An object’s prototype will hold all the properties and values which will be used by every object that instantiates from it. If you look at the second point __proto__ is used for property lookups, and if we point it to some object, we have an upper hand as to where to start looking for properties.

I’ll explain this again so as to drill it further down. The prototype object is just another object containing some properties and methods. When we create an object its __proto__ gets a reference to prototype object of the constructor and hence it gets all the goodies inside prototype. Whenever we need a property, we check the object and if not found, go searching through all the =__proto__=s all the way to the object.

Now if you want to ask where is Person.prototype is pointing to? It’s pointing to the parent of all objects: Object. Every top level constructor’s prototype refers to Object.

TL;DR: __proto__ is checked while trying to find the properties through the parents and grandparents. prototype is simply used to hold a reference to the constructor with which we’ve created a particular object.

And since prototype is writable, we’ll change it to our advantage in the by adding properties which are used by all the objects sharing the same prototype.

Person.prototype.walk = function() { console.log("walking"); }

bruce.walk(); // walking
peter.walk(); // walking

The effect is dynamic and updates older objects as well. If we check Person.prototype in console, it now contains walk().

Extend Already!!

Another main concept of OOP is that a child class can inherit properties and methods of its parent class.

Now we know that prototype is writable, and contains the properties which will be inherited by child objects.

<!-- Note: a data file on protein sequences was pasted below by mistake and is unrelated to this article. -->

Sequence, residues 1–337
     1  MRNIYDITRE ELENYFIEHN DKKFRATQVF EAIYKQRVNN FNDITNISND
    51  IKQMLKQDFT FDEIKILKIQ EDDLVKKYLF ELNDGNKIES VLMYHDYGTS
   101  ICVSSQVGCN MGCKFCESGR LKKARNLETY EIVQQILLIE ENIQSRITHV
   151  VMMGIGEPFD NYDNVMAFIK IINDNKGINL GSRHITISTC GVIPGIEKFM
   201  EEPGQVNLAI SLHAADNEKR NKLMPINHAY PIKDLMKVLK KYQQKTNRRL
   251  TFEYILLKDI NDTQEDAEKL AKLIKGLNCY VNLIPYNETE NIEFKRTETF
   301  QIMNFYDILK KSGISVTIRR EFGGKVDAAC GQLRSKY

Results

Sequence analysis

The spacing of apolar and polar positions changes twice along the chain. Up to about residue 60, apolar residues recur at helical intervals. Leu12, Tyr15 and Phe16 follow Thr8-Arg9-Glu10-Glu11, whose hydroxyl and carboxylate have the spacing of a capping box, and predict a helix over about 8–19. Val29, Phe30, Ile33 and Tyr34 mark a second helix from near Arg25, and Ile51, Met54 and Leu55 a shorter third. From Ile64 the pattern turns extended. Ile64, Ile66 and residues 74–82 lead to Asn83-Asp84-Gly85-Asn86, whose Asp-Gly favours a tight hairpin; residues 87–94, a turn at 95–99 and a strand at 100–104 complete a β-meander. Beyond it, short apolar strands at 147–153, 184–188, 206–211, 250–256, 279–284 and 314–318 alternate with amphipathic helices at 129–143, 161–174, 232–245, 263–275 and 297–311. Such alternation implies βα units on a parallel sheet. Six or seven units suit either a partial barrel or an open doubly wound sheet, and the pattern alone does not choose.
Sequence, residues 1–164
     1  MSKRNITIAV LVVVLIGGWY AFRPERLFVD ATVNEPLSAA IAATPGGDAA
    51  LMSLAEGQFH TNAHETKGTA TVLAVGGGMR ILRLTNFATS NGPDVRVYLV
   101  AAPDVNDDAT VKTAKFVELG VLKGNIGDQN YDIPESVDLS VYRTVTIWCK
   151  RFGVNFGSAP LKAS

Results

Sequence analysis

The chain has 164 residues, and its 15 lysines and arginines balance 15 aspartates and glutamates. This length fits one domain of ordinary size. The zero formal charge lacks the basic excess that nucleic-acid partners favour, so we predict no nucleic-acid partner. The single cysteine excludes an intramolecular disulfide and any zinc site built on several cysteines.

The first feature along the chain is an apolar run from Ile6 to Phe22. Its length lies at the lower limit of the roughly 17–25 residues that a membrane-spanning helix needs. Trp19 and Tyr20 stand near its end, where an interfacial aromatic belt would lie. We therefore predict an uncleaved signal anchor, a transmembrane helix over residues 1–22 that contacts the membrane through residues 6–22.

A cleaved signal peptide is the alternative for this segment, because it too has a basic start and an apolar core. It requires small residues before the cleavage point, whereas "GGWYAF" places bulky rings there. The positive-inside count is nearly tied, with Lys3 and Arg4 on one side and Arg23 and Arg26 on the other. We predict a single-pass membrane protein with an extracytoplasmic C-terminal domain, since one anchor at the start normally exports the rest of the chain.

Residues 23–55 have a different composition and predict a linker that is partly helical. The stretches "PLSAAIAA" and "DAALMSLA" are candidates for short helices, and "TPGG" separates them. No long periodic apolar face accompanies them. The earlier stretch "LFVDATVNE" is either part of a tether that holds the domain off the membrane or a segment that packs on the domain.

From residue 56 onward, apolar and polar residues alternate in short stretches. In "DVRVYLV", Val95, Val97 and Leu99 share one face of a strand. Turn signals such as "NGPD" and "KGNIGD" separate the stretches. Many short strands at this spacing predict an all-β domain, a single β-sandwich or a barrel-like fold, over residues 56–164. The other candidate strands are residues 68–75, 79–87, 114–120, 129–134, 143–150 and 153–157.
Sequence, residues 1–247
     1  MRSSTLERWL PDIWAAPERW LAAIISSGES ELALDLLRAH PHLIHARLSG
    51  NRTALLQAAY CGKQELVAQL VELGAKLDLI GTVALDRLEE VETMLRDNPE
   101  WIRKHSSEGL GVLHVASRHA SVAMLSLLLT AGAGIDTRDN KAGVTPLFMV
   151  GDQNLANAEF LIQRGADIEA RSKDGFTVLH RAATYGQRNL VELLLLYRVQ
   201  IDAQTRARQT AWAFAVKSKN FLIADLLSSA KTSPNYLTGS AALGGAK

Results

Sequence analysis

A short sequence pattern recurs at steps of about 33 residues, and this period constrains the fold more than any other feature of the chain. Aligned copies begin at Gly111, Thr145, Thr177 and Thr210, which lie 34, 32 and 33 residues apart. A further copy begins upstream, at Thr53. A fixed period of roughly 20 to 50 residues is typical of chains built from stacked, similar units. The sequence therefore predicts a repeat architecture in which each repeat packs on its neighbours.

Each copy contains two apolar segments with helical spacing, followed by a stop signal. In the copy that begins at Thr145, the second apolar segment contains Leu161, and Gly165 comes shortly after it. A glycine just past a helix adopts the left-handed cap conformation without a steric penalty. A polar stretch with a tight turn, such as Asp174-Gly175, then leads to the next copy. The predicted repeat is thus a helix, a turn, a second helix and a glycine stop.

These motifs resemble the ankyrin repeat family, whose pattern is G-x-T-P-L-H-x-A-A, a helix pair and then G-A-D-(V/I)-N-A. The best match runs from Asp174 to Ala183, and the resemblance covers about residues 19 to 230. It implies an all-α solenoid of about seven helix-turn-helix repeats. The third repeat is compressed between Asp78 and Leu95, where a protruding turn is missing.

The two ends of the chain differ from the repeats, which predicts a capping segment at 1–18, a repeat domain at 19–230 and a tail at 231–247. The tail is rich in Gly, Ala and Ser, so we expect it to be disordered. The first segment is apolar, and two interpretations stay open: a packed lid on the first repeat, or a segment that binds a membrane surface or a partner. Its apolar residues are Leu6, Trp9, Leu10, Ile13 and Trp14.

Let’s create a superhero which will inherit from Person. There are some steps that we have to follow in order to extend an object.

  1. Create the child object
function Superhero(firstName, lastName, power) {
    // call to "super" or parent constructor
    Person.call(this, firstName, lastName);
    this.power = power;
    this.showPower = function() {

But check Superhero.prototype here, it’s still Object and doesn’t contain the methods we added to Person, so we need to change the prototype.

  1. Change the prototype of child object

    // This means that the Superhero will copy all the
    // properties of Person object
    Superhero.prototype = Object.create(Person.prototype);

    Now checkout the Superhero.prototype.constructor, it is Person. This attribute lets us know what constructor do we have to call when Superhero is called. We know that it has to be Superhero, so we have to change this as well.

  2. Let the Superhero know that it’s a Superhero

Superhero.prototype.constructor = Superhero;
  1. Execute
var spidey = Superhero("Amazing", "Spiderman", "Spins web");
spidey.getFullName(); // Amazing Spiderman
spidey.walk(); // walking
spidey.showPower(); // Spins web

Parting words

I hope this article was helpful in painting a clearer picture of OOP in JavaScript. Of course, we cannot have everything which mainsteam classical languages provide, something like inheriting private variables comes to mind.